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Can heat exposure improve exercise performance?

      As part of a new set of initiatives, the JSAMS editor group established the early goal in 2022 of increasing the social media activity of our journals. Many academic journals have demonstrated over the past few years the increased importance of a strong social media presence. Dissemination of information on platforms such as Twitter, Instagram and YouTube help maximise a journal’s impact and reach across a variety of different stakeholders, which is particularly important for JSAMS and its new sister journal JSAMS Plus, as we seek to best serve both our academic and practitioner readership. To this end, we are delighted to announce that we have appointed, after a competitive selection process, Dr Danilo de Oliveira Silva – a Research Fellow at the La Trobe Sport and Exercise Medicine Research Centre, as the new Social Media Editor for JSAMS and JSAMS Plus. Over the coming months, Danilo will work with the editorial team, Sports Medicine Australia, and Elsevier to develop an engaging and responsible social media strategy plan, while building and maintaining strong presence of JSAMS on Twitter and Instagram.
      In this month’s issue of JSAMS, we first highlight two papers that continue to demonstrate the strength of articles published in our journal on the topic covered by our recent special issue on Heat, Health and Performance [
      • Vargas N.
      • Chalmers S.
      • Jay O.
      A Special Issue on Heat, Health, and Performance in Journal of Science and Medicine in Sport.
      ]. Extreme heat as an environmental stressor can lead to significant decrements in the ability to optimally perform in both occupational and sports settings. However, in this issue, Soo et al [
      • Soo J.
      • Racinais S.
      • Bishop D.J.
      • et al.
      Effects of mild heat exposure on fatigue responses during two sets of repeated sprints matched for initial mechanical output.
      ] report that exposure to mild heat (35°C, 40% relative humidity) can potentially improve performance (as defined by average peak power) of repeated sprints, compared to the same activity – matched for initial mechanical output – in cooler temperate (24°C, 30% relative humidity) conditions. This study adds to the emerging body of evidence in different domains suggesting that heat stress, when used in the appropriate way, can also exert beneficial effects, leading to positive performance outcomes, and in some cases positive health outcomes.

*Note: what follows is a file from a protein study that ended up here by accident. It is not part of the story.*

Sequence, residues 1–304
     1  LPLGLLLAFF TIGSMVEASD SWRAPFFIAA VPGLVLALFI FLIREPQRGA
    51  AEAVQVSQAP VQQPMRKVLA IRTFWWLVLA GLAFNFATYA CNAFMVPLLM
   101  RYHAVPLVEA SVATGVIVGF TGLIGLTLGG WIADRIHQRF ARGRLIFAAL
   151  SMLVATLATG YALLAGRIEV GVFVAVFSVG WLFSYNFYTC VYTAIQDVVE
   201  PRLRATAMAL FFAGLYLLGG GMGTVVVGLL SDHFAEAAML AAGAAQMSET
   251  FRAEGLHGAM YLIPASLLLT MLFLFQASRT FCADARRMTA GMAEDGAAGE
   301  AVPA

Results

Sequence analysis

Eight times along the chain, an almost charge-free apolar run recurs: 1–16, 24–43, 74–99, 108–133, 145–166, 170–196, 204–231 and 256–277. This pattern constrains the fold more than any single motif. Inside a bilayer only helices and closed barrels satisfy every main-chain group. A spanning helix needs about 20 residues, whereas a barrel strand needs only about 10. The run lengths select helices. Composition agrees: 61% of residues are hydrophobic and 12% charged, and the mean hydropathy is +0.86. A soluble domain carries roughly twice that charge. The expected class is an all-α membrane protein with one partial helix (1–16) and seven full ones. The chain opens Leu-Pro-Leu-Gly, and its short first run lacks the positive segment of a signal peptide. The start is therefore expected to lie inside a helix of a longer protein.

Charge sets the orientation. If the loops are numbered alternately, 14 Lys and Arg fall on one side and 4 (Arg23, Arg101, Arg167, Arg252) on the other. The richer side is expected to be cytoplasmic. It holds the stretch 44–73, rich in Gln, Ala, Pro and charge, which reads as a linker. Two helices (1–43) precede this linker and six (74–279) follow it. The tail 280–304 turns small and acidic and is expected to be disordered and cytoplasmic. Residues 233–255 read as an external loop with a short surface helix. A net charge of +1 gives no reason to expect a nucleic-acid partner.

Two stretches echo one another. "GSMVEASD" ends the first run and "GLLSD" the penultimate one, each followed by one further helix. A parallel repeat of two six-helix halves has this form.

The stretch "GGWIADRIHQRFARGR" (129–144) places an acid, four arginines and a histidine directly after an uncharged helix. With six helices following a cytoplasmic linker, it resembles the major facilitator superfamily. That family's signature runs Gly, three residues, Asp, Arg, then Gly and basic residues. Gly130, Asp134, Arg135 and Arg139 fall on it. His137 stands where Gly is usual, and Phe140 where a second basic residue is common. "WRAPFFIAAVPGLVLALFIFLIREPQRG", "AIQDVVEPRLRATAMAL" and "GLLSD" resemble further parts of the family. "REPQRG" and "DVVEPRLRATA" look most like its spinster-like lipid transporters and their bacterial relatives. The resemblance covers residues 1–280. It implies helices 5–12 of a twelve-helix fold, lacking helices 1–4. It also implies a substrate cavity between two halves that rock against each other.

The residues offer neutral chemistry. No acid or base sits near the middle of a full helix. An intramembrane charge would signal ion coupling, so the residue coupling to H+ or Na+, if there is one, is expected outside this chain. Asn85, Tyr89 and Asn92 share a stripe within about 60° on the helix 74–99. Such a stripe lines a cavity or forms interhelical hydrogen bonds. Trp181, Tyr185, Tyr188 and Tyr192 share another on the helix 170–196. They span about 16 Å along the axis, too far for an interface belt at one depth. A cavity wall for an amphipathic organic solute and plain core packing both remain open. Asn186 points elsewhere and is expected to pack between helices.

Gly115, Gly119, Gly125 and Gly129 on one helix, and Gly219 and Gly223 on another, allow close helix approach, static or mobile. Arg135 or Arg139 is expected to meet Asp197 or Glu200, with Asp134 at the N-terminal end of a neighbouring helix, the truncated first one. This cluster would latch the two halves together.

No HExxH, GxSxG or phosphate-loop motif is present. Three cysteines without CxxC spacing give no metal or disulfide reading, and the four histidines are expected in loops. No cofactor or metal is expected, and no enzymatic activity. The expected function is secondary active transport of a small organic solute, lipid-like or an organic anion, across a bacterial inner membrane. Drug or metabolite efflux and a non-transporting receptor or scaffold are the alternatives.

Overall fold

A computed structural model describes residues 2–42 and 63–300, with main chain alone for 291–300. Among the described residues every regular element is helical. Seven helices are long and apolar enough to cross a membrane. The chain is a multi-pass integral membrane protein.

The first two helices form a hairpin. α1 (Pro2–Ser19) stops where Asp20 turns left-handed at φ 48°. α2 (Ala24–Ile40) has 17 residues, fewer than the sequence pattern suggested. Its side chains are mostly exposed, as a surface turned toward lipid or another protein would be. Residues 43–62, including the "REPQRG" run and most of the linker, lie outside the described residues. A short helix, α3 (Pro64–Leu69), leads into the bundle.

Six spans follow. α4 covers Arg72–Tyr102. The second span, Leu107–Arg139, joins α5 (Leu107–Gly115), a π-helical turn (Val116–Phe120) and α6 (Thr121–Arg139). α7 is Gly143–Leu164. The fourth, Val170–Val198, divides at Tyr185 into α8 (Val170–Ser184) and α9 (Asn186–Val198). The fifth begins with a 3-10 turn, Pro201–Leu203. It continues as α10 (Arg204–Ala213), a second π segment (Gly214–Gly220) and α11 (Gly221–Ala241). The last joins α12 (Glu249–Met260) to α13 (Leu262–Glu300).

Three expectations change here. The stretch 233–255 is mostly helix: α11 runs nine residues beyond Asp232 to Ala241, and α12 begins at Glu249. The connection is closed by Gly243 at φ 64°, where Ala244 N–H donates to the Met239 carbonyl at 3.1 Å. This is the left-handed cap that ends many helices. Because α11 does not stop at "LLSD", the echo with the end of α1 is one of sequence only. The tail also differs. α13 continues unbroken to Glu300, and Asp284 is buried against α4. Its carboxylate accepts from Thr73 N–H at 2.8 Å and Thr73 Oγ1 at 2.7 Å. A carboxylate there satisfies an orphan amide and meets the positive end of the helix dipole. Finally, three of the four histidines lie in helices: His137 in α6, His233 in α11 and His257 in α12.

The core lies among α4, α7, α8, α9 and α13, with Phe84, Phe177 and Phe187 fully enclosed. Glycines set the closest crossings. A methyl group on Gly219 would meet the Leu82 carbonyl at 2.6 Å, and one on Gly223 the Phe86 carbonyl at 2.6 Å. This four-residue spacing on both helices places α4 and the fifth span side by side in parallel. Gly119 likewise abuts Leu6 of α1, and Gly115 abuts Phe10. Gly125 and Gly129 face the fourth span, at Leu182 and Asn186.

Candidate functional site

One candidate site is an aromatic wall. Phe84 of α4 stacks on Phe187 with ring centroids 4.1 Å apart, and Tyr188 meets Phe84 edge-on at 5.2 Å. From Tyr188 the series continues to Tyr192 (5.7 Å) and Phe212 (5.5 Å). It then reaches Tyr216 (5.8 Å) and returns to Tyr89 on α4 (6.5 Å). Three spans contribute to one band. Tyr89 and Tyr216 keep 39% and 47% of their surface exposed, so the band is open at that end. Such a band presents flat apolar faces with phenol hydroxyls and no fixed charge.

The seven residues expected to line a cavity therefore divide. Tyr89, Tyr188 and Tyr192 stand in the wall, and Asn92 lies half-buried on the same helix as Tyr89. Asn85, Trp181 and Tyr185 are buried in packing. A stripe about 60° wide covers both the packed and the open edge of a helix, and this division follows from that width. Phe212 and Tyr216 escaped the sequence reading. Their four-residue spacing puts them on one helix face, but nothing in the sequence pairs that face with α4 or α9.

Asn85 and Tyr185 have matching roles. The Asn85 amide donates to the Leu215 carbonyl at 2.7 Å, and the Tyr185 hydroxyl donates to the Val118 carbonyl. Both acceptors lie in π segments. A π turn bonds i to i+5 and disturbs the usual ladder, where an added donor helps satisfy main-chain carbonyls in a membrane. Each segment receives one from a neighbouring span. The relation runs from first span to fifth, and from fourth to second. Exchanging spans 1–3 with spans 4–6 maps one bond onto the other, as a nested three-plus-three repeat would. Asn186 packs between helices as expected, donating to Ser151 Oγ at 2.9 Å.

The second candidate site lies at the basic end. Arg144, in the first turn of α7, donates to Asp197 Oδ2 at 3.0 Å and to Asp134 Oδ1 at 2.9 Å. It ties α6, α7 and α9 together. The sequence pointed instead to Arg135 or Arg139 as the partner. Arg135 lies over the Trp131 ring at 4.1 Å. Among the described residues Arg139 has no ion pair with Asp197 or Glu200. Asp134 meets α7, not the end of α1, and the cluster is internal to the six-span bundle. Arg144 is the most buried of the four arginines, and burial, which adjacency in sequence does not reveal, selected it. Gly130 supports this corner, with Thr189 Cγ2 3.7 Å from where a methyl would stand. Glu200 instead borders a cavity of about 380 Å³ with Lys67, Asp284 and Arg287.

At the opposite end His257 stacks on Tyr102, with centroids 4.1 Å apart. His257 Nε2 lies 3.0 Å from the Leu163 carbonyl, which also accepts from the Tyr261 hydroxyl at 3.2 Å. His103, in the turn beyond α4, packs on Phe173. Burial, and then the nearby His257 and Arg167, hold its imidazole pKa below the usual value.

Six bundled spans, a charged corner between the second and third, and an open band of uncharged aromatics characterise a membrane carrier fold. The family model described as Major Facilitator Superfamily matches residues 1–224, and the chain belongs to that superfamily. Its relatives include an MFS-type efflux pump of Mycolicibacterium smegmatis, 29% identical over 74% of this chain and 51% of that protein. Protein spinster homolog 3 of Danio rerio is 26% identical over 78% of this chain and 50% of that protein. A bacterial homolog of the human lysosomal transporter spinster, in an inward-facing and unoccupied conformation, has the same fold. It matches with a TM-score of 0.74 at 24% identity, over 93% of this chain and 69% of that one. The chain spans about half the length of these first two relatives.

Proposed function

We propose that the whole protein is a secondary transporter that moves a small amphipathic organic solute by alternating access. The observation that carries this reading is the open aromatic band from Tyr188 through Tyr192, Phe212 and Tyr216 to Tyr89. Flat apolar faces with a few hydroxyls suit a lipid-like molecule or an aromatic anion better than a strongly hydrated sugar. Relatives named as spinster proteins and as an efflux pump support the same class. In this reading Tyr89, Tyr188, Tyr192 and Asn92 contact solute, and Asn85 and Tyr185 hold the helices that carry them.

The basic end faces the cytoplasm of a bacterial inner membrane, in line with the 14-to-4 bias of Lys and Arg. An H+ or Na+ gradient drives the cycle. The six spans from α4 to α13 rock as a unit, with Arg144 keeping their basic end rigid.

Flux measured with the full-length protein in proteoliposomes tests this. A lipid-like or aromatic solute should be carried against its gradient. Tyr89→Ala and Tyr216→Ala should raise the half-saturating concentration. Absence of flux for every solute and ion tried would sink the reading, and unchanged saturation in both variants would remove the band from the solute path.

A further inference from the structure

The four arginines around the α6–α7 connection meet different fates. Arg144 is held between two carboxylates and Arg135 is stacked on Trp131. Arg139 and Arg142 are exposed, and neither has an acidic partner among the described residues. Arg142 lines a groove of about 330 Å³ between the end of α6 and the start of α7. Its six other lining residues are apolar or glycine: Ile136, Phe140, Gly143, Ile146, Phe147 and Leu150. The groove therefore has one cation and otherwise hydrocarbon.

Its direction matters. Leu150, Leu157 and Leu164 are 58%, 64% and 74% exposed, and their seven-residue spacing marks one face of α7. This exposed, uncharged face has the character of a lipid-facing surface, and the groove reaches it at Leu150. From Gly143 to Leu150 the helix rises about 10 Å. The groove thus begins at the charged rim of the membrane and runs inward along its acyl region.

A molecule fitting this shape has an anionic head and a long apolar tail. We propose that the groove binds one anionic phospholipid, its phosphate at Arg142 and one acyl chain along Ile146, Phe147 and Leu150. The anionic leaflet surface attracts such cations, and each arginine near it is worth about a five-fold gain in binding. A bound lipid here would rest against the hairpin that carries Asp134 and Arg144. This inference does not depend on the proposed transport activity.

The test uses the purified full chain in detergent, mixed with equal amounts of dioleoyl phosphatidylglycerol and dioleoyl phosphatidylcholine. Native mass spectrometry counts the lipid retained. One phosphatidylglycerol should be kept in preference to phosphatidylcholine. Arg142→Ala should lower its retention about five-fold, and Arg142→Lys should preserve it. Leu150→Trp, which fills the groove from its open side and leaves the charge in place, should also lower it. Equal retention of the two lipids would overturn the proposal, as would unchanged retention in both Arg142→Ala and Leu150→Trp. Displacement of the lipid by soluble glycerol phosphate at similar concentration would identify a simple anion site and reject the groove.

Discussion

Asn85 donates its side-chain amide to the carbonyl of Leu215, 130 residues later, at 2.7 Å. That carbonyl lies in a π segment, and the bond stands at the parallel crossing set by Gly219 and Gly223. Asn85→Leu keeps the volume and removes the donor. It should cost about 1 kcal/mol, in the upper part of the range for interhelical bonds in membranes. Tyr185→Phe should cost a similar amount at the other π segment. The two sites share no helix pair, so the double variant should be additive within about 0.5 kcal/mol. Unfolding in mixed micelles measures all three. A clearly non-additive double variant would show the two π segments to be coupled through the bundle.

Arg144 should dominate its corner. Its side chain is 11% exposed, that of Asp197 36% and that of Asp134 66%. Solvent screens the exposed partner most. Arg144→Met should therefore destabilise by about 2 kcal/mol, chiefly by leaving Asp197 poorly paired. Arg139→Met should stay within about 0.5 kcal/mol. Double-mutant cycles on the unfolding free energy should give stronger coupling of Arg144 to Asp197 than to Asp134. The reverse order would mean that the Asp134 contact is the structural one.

Humans have an impressive capacity to physiologically adapt to withstand extreme heat. Acute (~1-2 h) extreme heat exposure for several consecutive days, either in a climate chamber (heat acclimation) or in a naturally hot environment (heat acclimatisation), and usually coupled with exercise, leads to a reduction in resting core temperature, a greater maximum sweat rate, and an expanded plasma volume. These physiological adjustments all serve to moderate physiological heat strain and substantially improve heat tolerance and thus exercise performance during subsequent exposure to hot climates. However, heat acclimation/acclimatisation effects can decay almost as quickly as they are acquired. So, an on-going challenge for sports practitioners and sport scientists working with athletes competing in hot environments is the optimal timing and dosage of heat adaptation sessions relative to scheduled competitive events. In our second heat-related study highlighted in this month’s issue of JSAMS, Benjamin et al [